Imagine that your job is to work six days a month while having Port wine or some good coffee shipped to us from Naples.
This is the introduction to Sende, a stone village in Galicia (Spain), a co-working space for educators and entrepreneurs whose slogan is ai???create your own job at our placeai???. Sende was founded in 2014 by two young people, Maria from Spain and Edo from Serbia, as a response to the rising unemployment in their countries hit by economic crisis. ai???When I was 18, I made a decision not to believe in the Serbian party politics and its plan for youth. Thanks to the crisis youth from Serbia can be divided into two groups: the ones following the ai???regularai??i?? path of finishing high school, going to university and then waiting for a miracle to find a job (this being the majority) and the ones whoai??i??ve decided not to follow the system and to learn to adapt to new possibilities fast. I think that I belong to the second group. I joined the world of start-ups and the social entrepreneurship movement and decided to create my kind of job,ai??? says Edo, sitting in Sendeai??i??s outdoor office with nothing but a laptop and the beautiful landscape as a backdrop.
At the end of 2013, Edo moved to Galicia, together with Maria who comes from the region herself, and bought two old houses in the national park of XurAi??s. They repaired the houses and turned them into a co-working, seminar space and ai???playgroundai??i??. ai???All our creativity was put on creating great little corners and small garden offices so our visitors and co-workers (educators, entrepreneurs and artists) can completely focus on the work while having a good lifeai??? they say. Sende has already opened its doors to young people who come here to develop their own projects with no distractions except for butterflies flying around. On top of that, Maria and Edo are organising meet-ups and youth exchanges which bring people from various parts of Europe to Sende and they have plenty more of ideas waiting to come to life.
The effects of crisis are echoed about 500 km south of Sende, in SetA?bal. This Portuguese city, situated on the Atlantic coast, is the hometown of many talented young artists whose reaction to the economic situation was also to take matters into their own hands. Was it the crisis that led to creativity? According to Antonio, a film and video director, harsh circumstances did lead to innovative survival measures: ai???Those who grew up in the 80s can testify to the clash between a post new-age of believers and the cruel reality of not having the means to fulfill their dreams. And what happened? People turned to themselves basically. Young kids like me and so many of my friends had no choice but to create our own chances. We got creative… We started bands, theatre companies, design studios, film production houses. We did it all because we didnai??i??t know where to turn to.ai???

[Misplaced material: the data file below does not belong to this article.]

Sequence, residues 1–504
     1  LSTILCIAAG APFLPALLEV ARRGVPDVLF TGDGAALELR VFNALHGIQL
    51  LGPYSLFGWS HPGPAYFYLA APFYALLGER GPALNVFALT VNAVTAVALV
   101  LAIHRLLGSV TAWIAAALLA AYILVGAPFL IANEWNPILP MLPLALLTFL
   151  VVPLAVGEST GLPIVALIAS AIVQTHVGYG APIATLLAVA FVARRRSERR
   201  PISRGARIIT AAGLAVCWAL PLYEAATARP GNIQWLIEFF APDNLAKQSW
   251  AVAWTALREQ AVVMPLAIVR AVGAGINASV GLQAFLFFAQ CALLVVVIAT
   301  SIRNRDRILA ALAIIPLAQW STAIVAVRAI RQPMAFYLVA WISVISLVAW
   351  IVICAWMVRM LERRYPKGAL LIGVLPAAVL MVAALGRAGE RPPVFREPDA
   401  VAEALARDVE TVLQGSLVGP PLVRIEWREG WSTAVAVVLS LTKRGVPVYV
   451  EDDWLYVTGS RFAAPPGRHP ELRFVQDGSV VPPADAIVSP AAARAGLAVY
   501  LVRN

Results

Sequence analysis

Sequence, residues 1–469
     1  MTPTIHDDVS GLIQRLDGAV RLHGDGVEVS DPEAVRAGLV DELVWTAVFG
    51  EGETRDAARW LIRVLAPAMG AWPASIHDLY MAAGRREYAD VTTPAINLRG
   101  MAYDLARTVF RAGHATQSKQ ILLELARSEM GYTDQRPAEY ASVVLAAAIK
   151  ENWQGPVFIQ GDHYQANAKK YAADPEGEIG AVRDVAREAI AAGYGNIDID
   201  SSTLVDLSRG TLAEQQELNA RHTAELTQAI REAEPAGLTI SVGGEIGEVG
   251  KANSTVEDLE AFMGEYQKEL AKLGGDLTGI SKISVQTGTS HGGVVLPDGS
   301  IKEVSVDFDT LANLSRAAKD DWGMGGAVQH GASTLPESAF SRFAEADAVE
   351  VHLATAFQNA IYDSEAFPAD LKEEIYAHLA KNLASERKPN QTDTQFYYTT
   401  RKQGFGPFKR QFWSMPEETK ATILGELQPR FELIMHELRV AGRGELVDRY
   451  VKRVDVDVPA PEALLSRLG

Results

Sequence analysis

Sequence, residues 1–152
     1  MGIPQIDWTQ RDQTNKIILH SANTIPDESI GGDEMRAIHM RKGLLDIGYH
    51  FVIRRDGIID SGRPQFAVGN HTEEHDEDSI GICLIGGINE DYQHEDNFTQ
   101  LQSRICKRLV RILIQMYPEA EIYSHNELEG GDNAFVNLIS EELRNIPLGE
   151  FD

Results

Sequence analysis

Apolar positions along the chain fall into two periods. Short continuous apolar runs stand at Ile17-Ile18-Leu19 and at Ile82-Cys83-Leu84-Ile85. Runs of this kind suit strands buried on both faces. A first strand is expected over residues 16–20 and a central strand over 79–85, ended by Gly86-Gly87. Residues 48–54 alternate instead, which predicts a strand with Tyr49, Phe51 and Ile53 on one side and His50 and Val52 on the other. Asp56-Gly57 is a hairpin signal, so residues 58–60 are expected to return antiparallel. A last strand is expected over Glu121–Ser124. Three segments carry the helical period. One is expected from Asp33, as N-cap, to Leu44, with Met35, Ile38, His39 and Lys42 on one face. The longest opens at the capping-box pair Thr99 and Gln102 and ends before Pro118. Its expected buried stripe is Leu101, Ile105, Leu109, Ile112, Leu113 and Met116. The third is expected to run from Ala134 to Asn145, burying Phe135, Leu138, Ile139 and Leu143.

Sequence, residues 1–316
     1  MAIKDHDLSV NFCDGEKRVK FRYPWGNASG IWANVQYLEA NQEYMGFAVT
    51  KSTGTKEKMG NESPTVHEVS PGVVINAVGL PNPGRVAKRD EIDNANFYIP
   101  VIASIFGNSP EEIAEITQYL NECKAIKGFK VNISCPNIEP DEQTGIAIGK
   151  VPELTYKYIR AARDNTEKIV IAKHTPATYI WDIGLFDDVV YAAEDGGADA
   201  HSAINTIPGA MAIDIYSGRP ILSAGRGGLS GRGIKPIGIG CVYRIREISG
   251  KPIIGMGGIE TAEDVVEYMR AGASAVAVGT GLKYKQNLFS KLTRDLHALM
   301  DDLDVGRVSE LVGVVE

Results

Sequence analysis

Antonio, who now has years of international experience in directing and editing music videos, short films, documentaries and TV shows is currently living in SetA?bal, the city he grew up in, and he points out that what happened there is not new at all and may be seen ai??i?? with a few differences – throughout history in other examples such as Liverpool, Manchester, post-war Berlin, Seattle, etc. ai???Not only were we living in a town that didn’t present us with enough of a cultural offer, but we also had almost no expectations of getting a job there. We knew that we had to take matters into our own hands. And more than that, we knew that our only chance to get out of here was to be as good as or even better than those doing the same things in Lisbon. We had to be better musicians, actors, photographers… We had to be exceptional. And fortunately some of us made it.ai???
Certainly, there are exceptional young people all over Europe who are finding their own creative way around the crisis; some by building start-ups, others by working as freelance artists or developing projects in their local communities. And they are doing it without any support from the government. It is surely challenging, but definitely not impossible. European youth is showing that in the dark times of the economic crisis, it has a spark that might eventually make all the difference.
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Youth unemployment is so high that a typical student fears graduating as it only means becoming a part of endless line of job seekers. ai??i?? Edo (27, Serbia), co-founder of Sende
The true crisis is not the one from 2008. The true crisis has been around for decades and has to do with a system that values profit before anything else and treats people as assets alone. ai??i?? Antonio (34, Portugal) ai??i?? video and film director
At the moment, Spain is under economical crisis where young people are the ones who are left behind without jobs. Working for yourself means that you are only doing what is necessary while staying free. ai??i?? Maria (26, Spain), co-founder of Sende
www.antonioaleixo.net retin a 0 05.